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Toxic Chemicals in Everyday Products: Find Out What's in the Stuff You Use

At HealthyStuff.org, consumers can find over 15,000 test results on over 5,000 common items including pet products, back-to-school items, children's toys, and cars.
 
 
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Guess how I spent my summer? Testing over 900 everyday consumer products to find out what hazardous chemicals they might contain. Our team tested everything from pet collars and chew toys, to women's handbags, sedans and SUVs. Yet, despite all of the attention in 2008 to lead in toys, we are still universally finding elevated levels of lead, mercury, arsenic and other chemicals that can be hazards to human health, especially for children and pets.

At our new website, HealthyStuff.org, consumers can find over 15,000 test results on over 5,000 common items including pet products, back-to-school items, children's toys, and the latest on cars and children's car seats.

What does all of this test data tell us? Hazardous chemicals are still far too commonplace in everyday consumer products. One quarter of all pet products had detectable levels of lead, including seven percent with levels higher than 300 ppm - the current Consumer Product Safety Commission (CPSC) standard for lead in children's products. Sixty-four percent (64%) of the plastic women's handbags contained lead over 300 ppm. No matter how selective consumers are, they are likely to be faced with these unnecessary hazards in their homes, offices and vehicles.

The well-publicized and oft-criticized CPSC reforms of 2008 were clumsily implemented, but did put in place critical protections against hazardous chemicals in children's products. But most products, including pet products and women's handbags are not regulated by the CPSC. What's more, the CPSC only regulates less than ten chemicals in children's products; there's no system in place to adequately deal with the thousands of other chemicals on the market or provide incentives for companies to develop safer chemicals.

So why will this year's reform - the 2009 Toxic Substances Control Act (TSCA) -- be different from the 2008 CPSC reform? The TSCA reform package being introduced is partly based on a real-world tested regulatory system from Europe known as REACH. The REACH-type regulation has already been put through a "trial by fire," which has not uncovered unintended consequences. TSCA reform package also shifts the burden upstream to chemical manufacturers, not chemical users like product manufacturers and retailers, to develop hazard information of chemicals. Overall, this system of regulating at the chemical manufacturer level is significantly more efficient and cost-effective than an attempt to regulate hundreds of individual product or component manufacturers.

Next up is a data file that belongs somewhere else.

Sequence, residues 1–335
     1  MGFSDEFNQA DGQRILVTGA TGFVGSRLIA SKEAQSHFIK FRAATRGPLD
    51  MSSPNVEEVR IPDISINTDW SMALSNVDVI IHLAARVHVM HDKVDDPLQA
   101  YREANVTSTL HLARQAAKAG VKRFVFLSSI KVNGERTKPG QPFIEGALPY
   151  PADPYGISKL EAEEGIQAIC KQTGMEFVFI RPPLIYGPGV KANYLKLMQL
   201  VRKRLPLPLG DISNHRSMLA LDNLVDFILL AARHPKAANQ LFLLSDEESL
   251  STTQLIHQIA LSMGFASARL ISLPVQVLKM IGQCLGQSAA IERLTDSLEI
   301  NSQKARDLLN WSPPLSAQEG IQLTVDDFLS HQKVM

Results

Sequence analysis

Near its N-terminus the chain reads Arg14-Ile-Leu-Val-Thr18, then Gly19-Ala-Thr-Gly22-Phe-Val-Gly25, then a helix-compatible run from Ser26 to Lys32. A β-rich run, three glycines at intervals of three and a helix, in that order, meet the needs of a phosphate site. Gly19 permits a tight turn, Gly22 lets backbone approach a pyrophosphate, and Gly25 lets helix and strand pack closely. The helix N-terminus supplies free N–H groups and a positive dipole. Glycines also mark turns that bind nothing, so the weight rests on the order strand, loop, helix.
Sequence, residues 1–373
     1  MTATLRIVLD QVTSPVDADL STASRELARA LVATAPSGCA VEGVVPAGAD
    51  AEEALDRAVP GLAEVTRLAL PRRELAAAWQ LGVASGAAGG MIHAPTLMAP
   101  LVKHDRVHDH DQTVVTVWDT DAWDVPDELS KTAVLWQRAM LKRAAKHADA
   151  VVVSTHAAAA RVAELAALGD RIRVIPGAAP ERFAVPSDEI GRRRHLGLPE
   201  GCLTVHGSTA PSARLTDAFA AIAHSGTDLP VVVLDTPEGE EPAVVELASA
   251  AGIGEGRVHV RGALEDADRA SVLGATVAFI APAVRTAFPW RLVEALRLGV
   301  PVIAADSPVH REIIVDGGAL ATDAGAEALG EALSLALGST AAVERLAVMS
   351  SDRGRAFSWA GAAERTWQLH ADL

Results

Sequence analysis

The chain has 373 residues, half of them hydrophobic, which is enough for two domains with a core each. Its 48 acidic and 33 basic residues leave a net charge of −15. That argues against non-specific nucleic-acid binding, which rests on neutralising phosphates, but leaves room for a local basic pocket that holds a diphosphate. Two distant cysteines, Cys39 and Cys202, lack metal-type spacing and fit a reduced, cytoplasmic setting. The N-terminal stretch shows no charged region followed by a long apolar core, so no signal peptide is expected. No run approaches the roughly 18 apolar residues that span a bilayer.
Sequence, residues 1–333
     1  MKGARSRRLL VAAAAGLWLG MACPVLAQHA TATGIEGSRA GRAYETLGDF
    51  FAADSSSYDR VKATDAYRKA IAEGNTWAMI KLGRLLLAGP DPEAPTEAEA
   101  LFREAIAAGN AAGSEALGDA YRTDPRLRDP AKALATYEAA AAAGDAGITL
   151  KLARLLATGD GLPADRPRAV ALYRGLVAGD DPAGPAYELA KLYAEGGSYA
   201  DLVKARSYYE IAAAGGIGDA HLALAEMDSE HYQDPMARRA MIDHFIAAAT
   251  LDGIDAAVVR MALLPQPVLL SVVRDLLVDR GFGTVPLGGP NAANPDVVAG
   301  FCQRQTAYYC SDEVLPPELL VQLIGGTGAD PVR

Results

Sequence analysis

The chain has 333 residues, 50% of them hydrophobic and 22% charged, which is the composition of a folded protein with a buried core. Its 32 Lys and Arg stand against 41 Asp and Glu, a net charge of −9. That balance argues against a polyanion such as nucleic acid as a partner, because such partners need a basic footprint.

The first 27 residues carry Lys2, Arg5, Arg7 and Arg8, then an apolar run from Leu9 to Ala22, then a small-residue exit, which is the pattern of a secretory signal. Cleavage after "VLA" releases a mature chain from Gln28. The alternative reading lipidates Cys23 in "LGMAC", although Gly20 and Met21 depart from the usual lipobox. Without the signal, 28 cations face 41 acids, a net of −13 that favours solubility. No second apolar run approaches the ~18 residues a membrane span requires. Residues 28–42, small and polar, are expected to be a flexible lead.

Ultimately, the TSCA reform package addresses the root problem in a common sense way by phasing out the chemicals we know are toxic, requiring chemical manufactures to provide chemical hazard information and promoting the use and development of safer chemical alternatives.

To date, the U.S. Environmental Protection Agency has only required testing on about 200 of the more than 80,000 chemicals that have been on the market since 1976. Meanwhile, incidences of asthma, diabetes, childhood cancers, infertility, and learning and behavioral problems--conditions that have been linked to environmental exposures--have risen. Clearly, the law is not working as intended. The government has little authority to protect people from hazardous chemicals.

Right now, we have a tremendous opportunity for positive change as Senator Frank Lautenberg and Representative Bobby Rush will soon be introducing new bills to reform the outdated, toothless TSCA of 1976, that we currently use to regulate chemicals. If we strengthen our chemical laws, not only will safer chemicals support healthier families, but the "Made in the USA" label on our products will be a guarantee--not a warning! This is not only about our health, safety and the environment, but also about our prosperity.

Jeff Gearhart is Research Director for HealthyStuff.org.

 
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